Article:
Why Does Safari Say “Not Secure” for Some Webpages on iPhone, iPad, or Mac?

Mar 29, 2019 - 23 Comments

Not Secure Safari message

If you’re a Safari user who recently updated iOS or MacOS, you may occasionally run into a “Not Secure” message near the top of the screen when viewing some websites or while browsing the web.

That ‘Not Secure’ text is simply a notification from Safari that the webpage or website is using HTTP, rather than HTTPS. This is also reflected in the URL prefix of a website, for example https://osxdaily.com vs https://osxdaily.com

The “Not Secure” message is not an indication of any change in device security. In other words, the device and website is no more or no less secure than it was before updating the web browser and seeing the “Not Secure” message. By seeing the ‘Not Secure” Safari message on an iPhone, iPad, or Mac you are simply being informed by Safari that the website or webpage being visited is using HTTP rather than HTTPS, or perhaps that HTTPS is misconfigured at some technical level.

The “Not Secure” message may also be seen if the website has an expired SSL certificate, or an improperly configured SSL certificate, in which case that is an issue with the website itself. Again, this is not reflective of on-device security (ie; the iPhone, Mac, iPad, etc is not any less secure, it’s an issue with the website itself).

HTTP stands for HyperText Transfer Protocol and has been the standard web protocol since the beginning of the web. By default, HTTP does not encrypt communication to and from the website. You can learn more about HTTP on Wikipedia if interested.

HTTPS stands for HyperText Transfer Protocol Secure, and until recently was mostly reserved for websites where encryption matters, like with an online banking website, or anything where submitting sensitive data to and from a web site should be encrypted. When a website is using HTTPS properly it means the communication to and from the website is encrypted. You can learn more about HTTPS on Wikipedia if you’re interested.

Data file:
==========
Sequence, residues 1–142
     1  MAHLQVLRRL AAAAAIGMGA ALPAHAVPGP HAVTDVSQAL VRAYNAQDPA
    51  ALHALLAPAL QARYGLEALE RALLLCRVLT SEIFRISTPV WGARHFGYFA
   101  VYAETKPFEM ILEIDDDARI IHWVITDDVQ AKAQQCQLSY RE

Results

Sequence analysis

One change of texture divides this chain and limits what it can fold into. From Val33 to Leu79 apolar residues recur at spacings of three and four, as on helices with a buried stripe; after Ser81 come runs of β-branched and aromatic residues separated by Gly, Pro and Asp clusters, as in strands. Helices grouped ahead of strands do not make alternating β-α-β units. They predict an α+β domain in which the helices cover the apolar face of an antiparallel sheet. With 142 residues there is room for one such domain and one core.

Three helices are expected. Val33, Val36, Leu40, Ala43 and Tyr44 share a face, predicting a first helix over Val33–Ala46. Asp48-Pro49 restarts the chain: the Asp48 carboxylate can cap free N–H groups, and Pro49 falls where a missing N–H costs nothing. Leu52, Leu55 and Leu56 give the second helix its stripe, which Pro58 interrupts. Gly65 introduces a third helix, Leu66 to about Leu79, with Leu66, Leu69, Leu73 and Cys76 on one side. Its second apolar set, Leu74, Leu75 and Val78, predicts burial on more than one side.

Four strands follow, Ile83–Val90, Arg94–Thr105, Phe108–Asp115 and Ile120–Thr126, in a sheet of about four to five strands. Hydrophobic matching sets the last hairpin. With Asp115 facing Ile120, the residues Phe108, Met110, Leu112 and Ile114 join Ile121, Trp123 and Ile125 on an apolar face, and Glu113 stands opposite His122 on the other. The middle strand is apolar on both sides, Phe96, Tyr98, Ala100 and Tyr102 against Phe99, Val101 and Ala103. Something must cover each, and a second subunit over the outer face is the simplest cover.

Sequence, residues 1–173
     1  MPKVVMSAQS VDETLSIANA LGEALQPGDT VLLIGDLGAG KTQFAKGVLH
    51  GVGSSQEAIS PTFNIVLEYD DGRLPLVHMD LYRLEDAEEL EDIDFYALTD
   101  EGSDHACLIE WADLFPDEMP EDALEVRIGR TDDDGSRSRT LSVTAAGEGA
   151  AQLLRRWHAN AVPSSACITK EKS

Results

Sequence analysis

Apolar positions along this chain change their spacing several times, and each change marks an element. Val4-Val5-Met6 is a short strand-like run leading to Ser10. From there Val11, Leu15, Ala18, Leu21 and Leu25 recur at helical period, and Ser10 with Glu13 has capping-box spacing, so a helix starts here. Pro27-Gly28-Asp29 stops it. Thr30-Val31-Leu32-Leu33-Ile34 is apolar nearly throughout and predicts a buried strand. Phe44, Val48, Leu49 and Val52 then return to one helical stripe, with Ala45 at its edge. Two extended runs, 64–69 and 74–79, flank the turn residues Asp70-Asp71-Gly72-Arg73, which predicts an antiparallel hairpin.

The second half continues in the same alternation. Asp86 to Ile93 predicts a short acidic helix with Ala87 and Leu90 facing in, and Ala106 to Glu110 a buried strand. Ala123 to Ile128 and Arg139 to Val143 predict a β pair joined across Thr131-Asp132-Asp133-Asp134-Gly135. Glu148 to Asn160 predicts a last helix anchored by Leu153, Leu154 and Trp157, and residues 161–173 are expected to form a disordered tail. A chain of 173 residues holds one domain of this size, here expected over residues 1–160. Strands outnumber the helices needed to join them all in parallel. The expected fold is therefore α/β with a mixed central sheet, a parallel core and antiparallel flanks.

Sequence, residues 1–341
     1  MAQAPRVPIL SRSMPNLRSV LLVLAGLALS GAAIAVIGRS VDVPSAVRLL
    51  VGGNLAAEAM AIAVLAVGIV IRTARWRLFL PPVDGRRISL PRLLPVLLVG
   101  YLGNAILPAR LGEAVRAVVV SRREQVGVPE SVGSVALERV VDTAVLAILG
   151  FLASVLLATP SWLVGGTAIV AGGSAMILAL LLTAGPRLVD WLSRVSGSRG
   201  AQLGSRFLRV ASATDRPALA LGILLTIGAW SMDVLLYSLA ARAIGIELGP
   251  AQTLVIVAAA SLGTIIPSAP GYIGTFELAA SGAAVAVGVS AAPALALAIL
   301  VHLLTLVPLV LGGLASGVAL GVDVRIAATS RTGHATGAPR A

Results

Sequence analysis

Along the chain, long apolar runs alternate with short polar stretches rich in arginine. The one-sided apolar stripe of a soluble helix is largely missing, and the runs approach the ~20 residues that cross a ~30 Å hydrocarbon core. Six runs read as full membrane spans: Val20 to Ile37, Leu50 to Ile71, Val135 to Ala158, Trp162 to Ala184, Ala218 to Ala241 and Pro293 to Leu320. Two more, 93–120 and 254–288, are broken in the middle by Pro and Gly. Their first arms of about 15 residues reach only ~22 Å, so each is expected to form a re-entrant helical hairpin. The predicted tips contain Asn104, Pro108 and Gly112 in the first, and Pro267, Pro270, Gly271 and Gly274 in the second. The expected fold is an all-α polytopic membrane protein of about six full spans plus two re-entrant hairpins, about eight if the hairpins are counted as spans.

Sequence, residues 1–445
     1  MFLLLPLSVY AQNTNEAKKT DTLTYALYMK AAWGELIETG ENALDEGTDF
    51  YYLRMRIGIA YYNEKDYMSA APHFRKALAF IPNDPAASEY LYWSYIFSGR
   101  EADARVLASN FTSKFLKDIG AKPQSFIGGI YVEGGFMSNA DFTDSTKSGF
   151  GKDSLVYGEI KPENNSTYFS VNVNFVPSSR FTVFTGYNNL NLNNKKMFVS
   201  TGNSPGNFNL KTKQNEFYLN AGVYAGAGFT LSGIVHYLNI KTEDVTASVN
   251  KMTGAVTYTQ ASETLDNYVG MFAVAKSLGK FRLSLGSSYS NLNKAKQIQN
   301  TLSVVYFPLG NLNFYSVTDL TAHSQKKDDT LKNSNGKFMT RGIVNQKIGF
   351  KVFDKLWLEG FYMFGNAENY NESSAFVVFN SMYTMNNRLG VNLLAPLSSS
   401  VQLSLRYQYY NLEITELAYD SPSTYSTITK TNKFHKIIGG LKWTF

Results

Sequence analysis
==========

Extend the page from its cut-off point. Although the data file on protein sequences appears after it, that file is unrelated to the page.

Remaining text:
Because both Safari and Chrome now use the “Not Secure” text in the URL bar of HTTP pages, it’s likely that more and more webpages will start moving to HTTPS simply to avoid any confusion for site visitors. Moving to HTTPS from HTTP is a technical process, so while many websites will have moved to HTTPS already others have not yet done so and remain on HTTP.

It is worth pointing out that if you see a “Not Secure” message on an online banking website or a website where you are want to transmit sensitive data like a credit card number or social security number, than you should probably close that website. However, if you see the “Not Secure” text on a website where you are not inputting or transmitting any sensitive data, like a news website, information site, blog, or personal site, it likely doesn’t matter much as long as there are no logins and no transfer of sensitive information, which is when encryption matters the most.

For those wondering, the ‘Not Secure’ message in the URL bar of Safari on iPhone, iPad, and Mac OS was introduced with iOS 12.2 update and MacOS 10.14.4 update, and will likely persist with future iOS and MacOS versions of Safari too. It’s also worth pointing out that the Google Chrome browser has a similar ‘Not Secure’ message in the address / search / URL bar in modern versions of Chrome as well.


Related articles:

Posted by: Paul Horowitz in Tips & Tricks, Troubleshooting


» Comments RSS Feed

  1. Cliff Esler says:

    Your suggestion to learn more about the protocol by visiting https://en.wikipedia.org/wiki/HTTPS might have been useful if Safari hadn’t said “cannot open because this website is not secure” !! Try updating the article to address older iOS versions.

  2. chris fox says:

    Great article. Tells me everything I never wanted to know about why I can’t browse to a website. So much “doesn’t work, don’t care” in this article.

    • In says:

      So glad it helped you understand why you might see the “Not Secure” badge on a website. It can also be because of expired certificates etc, but just Not Secure will not block you from seeing a site.

  3. Nikolo says:

    This is helpful thanks for the information, sounds like scare mongering!

  4. Shelly Andrea says: